XP Series Webinar

Democratize Automation to Build Autonomy and Go-To-Market Faster

In this webinar, you'll explore how democratizing automation is redefining organizational dynamics, cultivate autonomy, and go-to-market faster than ever before.

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Vadeesh Budramane

Founder & CEO, AlgoShack

Vadeesh Budramane

Vadeesh Budramane

Founder & CEO, AlgoShack

Vadeesh Budramane is the Founder & CEO of AlgoShack, with 33+ years of experience in product engineering and innovation. He previously held the position of Senior VP at Sutherland Global Services and Director at CSC India. Vadeesh is renowned for launching significant products, such as Lorenzo with NHS, and building platforms in analytics and consumerism. His leadership spans strategic planning, end-to-end operations, and P&L responsibility. Vadeesh excels in creating globally competitive teams, fostering strategic customer engagements, and delivering substantial value across diverse domains, showcasing his expertise and commitment in the field of technology and business.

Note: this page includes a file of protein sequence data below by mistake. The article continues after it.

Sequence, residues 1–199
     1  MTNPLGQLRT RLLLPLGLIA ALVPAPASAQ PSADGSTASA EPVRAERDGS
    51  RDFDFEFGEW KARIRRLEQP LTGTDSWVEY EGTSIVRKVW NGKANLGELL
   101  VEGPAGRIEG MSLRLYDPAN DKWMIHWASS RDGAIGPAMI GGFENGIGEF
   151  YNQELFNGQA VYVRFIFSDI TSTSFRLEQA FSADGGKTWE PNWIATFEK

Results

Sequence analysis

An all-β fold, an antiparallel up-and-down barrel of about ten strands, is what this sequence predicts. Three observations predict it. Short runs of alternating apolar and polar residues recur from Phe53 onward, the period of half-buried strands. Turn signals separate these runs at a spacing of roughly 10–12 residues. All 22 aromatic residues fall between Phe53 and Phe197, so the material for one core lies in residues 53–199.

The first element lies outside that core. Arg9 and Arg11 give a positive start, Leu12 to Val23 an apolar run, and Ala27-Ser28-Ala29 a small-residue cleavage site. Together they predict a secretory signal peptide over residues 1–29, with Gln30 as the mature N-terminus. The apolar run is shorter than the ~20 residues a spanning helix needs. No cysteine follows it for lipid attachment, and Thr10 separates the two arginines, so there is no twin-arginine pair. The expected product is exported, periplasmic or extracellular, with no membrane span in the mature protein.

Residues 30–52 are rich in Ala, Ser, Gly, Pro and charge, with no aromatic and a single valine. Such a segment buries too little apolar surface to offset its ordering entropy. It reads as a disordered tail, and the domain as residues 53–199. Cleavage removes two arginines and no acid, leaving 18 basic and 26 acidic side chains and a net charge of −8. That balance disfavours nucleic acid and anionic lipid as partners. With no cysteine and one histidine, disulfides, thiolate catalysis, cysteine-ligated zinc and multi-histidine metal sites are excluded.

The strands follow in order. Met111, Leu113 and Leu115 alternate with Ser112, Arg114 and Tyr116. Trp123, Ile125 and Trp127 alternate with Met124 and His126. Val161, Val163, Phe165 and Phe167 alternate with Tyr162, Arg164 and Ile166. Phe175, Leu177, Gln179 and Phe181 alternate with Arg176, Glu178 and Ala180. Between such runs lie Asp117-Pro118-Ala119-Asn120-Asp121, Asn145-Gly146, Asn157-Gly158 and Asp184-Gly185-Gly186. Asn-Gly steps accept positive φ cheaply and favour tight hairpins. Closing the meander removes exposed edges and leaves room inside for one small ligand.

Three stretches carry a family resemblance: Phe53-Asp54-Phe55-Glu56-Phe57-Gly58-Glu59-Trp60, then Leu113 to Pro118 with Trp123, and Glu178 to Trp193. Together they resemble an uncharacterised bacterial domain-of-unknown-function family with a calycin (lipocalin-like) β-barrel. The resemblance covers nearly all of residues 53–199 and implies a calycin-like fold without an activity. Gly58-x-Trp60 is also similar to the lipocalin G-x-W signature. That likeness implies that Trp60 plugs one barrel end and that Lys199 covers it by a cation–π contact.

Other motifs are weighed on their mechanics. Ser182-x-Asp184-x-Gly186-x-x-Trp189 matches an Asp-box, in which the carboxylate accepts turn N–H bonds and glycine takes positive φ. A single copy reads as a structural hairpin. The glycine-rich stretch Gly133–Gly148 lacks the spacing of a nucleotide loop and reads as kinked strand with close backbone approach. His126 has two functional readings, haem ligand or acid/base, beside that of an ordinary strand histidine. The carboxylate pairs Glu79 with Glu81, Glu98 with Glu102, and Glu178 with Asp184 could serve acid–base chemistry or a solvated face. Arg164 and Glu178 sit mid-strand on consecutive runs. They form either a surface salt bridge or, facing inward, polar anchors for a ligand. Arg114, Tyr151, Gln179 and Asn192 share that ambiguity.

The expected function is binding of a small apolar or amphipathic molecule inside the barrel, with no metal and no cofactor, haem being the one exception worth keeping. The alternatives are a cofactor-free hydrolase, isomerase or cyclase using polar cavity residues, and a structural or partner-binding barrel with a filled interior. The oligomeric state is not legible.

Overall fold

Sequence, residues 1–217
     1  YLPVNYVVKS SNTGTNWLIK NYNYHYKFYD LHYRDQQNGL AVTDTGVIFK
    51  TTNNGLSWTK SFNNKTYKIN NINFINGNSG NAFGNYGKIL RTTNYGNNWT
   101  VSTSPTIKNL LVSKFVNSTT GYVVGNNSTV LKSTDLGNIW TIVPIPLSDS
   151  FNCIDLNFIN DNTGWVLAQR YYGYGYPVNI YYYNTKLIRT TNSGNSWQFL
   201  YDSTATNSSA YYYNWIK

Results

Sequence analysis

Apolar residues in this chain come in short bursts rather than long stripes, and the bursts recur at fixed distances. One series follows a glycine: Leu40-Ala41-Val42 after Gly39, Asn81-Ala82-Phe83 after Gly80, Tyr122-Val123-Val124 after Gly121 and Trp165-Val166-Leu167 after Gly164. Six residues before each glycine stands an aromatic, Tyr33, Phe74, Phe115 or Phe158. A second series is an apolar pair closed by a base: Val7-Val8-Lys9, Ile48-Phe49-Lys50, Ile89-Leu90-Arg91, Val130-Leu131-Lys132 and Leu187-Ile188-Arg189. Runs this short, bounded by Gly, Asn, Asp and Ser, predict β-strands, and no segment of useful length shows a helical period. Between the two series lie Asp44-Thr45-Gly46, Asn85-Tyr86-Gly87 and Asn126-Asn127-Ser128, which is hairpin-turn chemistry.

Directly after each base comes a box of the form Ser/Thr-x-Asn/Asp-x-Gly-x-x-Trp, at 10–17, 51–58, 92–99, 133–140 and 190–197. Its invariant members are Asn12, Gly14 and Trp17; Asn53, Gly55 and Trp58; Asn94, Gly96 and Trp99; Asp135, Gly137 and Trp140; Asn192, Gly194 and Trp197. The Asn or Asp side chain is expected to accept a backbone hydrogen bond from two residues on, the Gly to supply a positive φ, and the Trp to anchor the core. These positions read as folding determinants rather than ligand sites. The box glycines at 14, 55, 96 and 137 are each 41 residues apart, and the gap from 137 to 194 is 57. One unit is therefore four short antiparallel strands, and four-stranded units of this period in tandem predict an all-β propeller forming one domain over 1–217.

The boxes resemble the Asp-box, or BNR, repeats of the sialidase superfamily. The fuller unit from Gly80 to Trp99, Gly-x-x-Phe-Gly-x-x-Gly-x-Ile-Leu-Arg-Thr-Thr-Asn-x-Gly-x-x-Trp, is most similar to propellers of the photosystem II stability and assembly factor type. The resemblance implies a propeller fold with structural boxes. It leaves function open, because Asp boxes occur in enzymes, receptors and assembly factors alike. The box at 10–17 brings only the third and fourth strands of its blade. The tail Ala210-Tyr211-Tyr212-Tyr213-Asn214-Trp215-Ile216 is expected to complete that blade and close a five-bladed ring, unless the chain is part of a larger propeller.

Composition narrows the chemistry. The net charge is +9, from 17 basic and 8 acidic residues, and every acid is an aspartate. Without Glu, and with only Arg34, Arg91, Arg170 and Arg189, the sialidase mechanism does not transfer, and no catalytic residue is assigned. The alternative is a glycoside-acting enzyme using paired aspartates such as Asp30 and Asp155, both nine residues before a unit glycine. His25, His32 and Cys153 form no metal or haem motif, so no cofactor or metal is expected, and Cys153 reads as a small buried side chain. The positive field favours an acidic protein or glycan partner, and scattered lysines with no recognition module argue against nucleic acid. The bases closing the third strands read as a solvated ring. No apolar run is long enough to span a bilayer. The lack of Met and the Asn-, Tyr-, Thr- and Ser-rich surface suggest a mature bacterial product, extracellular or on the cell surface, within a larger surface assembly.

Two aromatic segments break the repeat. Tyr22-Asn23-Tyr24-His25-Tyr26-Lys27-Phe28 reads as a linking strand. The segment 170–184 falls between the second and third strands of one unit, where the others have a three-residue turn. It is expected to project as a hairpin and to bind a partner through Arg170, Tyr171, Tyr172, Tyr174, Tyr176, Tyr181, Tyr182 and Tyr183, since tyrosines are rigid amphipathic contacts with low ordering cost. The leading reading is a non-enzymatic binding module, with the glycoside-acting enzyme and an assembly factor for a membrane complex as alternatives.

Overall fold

Kavya Nair

Kavya Nair

Director of Product Marketing, LambdaTest

With over 8 years of marketing experience, Kavya Nair is the Director of Product Marketing at LambdaTest. In her role, she leads various aspects, including product marketing, DevRel marketing, partnerships, GTM activities, field marketing, and branding. Prior to LambdaTest, Kavya played a key role at Internshala, a startup in Edtech and HRtech, where she managed media, PR, social media, content, and marketing across different verticals. Passionate about startups, technology, education, and social impact, Kavya excels in creating and executing marketing strategies that foster growth, engagement, and awareness.